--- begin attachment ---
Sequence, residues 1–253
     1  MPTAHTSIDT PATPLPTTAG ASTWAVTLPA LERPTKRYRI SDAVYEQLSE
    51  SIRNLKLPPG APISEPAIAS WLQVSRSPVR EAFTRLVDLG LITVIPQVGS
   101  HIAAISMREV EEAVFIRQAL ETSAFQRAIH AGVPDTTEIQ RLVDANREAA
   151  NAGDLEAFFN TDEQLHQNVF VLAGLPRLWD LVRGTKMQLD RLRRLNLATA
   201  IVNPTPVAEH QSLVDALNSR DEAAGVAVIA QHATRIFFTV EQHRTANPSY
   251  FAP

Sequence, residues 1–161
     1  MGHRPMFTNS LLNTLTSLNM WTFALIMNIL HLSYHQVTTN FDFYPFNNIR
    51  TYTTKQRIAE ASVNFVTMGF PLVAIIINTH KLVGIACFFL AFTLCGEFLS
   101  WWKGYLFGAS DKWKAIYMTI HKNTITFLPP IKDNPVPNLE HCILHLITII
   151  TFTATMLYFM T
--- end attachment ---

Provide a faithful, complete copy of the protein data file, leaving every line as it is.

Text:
Sequence, residues 1–253
     1  MPTAHTSIDT PATPLPTTAG ASTWAVTLPA LERPTKRYRI SDAVYEQLSE
    51  SIRNLKLPPG APISEPAIAS WLQVSRSPVR EAFTRLVDLG LITVIPQVGS
   101  HIAAISMREV EEAVFIRQAL ETSAFQRAIH AGVPDTTEIQ RLVDANREAA
   151  NAGDLEAFFN TDEQLHQNVF VLAGLPRLWD LVRGTKMQLD RLRRLNLATA
   201  IVNPTPVAEH QSLVDALNSR DEAAGVAVIA QHATRIFFTV EQHRTANPSY
   251  FAP

Sequence, residues 1–161
     1  MGHRPMFTNS LLNTLTSLNM WTFALIMNIL HLSYHQVTTN FDFYPFNNIR
    51  TYTTKQRIAE ASVNFVTMGF PLVAIIINTH KLVGIACFFL AFTLCGEFLS
   101  WWKGYLFGAS DKWKAIYMTI HKNTITFLPP IKDNPVPNLE HCILHLITII
   151  TFTATMLYFM T